*We’re not being judged as guilty. It’s a little too late for that.
*We’re not being judged as innocent either. We’re all participants and/or witnesses.
*We may think it’s not “fair” that we’re the generation that has to change everything about the way we live…but to paraphrase Clint Eastwood in The Unforgiven: “Fair’s got nothing to do with it.”
*We are not alone. There are more of us than you ever imagined. As Utah Phillips reminds us: “If you can’t change (your community), if you can’t make this place where you work and live better, then where can you? Just get busy.” If you feel like you don’t have a community, create one. By the way, Utah Phillips also sez: “The earth is not dying. It is being killed, and the people killing it have names and addresses.”
2. The 4 R’s of defending our collective soul
(to be taken as literally or metaphorically as you choose)
Reality and Reaction
*Self-defense “moves” rarely (if ever) work and can cause you to not trust your instincts as you struggle to remember what you’re “supposed to do.” Memorizing a few moves before a conflict is not unlike only learning 20-30 words prior to a spelling bee.
*The attacker always has the advantage—at least initially. He knows before you when, where, and how he’s going to attack.
*Your first option: run. If you can’t run, create and maintain distance from your attacker(s)
*Know your enemy: Expect the worst because that’s exactly what you’ll get.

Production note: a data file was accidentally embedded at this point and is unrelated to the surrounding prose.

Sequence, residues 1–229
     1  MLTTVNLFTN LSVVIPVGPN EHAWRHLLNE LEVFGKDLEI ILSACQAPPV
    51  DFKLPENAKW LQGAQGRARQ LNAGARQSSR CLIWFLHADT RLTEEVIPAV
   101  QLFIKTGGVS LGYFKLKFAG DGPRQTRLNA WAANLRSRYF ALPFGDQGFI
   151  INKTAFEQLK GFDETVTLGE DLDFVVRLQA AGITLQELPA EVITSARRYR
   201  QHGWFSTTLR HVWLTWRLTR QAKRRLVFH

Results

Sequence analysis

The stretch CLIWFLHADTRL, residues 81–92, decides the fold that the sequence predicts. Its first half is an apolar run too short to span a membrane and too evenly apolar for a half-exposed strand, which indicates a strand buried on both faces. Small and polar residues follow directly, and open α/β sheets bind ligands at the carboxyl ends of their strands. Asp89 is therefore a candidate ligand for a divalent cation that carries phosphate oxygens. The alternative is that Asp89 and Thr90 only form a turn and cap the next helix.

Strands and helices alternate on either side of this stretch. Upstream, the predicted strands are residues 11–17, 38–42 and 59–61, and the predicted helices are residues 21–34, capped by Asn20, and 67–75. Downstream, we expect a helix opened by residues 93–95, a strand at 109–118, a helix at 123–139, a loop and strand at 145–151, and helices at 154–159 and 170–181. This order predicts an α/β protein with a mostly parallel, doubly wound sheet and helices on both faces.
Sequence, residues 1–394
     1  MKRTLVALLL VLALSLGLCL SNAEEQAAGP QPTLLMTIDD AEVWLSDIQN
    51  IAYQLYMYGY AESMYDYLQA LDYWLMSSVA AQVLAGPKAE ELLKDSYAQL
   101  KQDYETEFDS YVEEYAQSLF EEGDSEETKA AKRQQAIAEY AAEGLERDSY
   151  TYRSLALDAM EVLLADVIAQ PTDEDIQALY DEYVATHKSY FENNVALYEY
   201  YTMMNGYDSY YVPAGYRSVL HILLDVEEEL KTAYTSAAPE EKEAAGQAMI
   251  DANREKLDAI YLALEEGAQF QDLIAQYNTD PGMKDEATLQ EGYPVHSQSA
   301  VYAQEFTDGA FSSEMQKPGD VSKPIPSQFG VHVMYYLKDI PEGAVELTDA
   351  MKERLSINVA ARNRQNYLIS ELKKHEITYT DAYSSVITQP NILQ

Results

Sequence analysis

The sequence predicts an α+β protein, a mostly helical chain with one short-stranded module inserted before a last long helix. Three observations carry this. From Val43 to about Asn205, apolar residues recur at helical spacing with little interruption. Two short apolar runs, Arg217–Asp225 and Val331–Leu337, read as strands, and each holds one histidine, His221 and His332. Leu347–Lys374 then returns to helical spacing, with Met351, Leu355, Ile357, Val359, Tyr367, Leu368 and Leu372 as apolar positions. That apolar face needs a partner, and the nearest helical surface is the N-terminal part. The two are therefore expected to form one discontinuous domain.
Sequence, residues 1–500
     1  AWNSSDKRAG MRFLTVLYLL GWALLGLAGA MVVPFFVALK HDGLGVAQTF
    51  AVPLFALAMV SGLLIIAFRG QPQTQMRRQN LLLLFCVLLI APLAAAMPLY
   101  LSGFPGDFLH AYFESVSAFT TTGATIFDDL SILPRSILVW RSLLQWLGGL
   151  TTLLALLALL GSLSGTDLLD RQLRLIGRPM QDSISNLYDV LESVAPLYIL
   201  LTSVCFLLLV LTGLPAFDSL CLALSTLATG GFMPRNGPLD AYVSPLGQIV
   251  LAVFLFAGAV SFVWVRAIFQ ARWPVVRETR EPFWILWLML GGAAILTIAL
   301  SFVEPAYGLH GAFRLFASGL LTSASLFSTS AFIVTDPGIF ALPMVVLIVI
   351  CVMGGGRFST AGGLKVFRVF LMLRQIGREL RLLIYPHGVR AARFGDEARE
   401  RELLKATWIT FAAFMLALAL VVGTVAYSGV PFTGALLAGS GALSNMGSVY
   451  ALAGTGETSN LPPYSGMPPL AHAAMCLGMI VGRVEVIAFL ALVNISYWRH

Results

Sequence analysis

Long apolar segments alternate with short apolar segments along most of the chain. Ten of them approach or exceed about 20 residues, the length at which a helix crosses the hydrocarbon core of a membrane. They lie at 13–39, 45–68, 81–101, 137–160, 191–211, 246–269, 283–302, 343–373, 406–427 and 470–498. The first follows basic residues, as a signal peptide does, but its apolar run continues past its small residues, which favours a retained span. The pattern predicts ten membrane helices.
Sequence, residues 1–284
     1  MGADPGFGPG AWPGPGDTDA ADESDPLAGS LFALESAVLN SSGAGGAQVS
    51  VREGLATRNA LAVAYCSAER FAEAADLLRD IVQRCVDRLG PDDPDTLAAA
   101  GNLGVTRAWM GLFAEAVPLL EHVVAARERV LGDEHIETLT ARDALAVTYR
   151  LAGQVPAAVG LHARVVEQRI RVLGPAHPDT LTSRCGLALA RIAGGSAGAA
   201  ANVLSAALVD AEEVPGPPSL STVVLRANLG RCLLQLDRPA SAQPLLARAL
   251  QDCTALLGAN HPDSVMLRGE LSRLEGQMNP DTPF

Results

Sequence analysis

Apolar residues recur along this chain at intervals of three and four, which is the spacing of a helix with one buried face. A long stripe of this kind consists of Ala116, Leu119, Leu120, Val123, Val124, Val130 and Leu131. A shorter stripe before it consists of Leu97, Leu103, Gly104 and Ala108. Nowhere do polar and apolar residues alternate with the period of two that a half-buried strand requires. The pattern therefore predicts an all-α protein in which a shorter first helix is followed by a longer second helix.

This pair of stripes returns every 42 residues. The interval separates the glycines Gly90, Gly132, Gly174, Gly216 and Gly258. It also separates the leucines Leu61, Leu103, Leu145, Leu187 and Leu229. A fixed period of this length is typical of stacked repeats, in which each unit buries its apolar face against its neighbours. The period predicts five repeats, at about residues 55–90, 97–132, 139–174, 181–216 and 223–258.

*Facing a weapon can be frightening but some weapons can serve to “limit” the attacker’s psychological approach and thus, his options. Exploit that advantage.
*Practice awareness of your habits, surroundings, routines, and overall “presentation.” Don’t allow yourself to be an easy target.
*Contrary to popular belief, you are never unarmed. Use your body and/or whatever you can get your hands on. Plus, as Ice T declared: “My lethal weapon’s my mind.”
*Decide in advance to survive. Ask Derrick Jensen explains: “The Jews who participated in the Warsaw Ghetto Uprising had a much higher rate of survival than those who went along. We need to keep that in mind over the next ten years.”
*Condition your mind to defend what you love (read: courage)
*Condition your body to endure—through exercise, lifestyle choices, and healthy, earth-friendly eating habits (read: vegan diet)
*Take time to learn some useful tools like kicks, punches, blocks, etc.
*Anything goes: There’s no such thing as fighting “dirty”
*Memorize these 13 “magic words” when dealing with your local occupying army, I mean, police: “I am going to remain silent. I would like to see a lawyer.”
3. Face up to your fears
Participating in sustained direct action is not a popular choice. It could put us at odds with our friends, family, and community. It could jeopardize our careers. It could even lead to direct conflict with law enforcement officers. Scary stuff, for sure. But ask yourself this: What frightens you more, being judged for getting ticketed for disorderly conduct or comprehending that 80% of the world’s forests are already gone? How will you answer when future generations ask what you did to defend all life on earth?
There are good reasons to be afraid. There are better reasons to be bold.
It’s time to deliver a collective Left hook…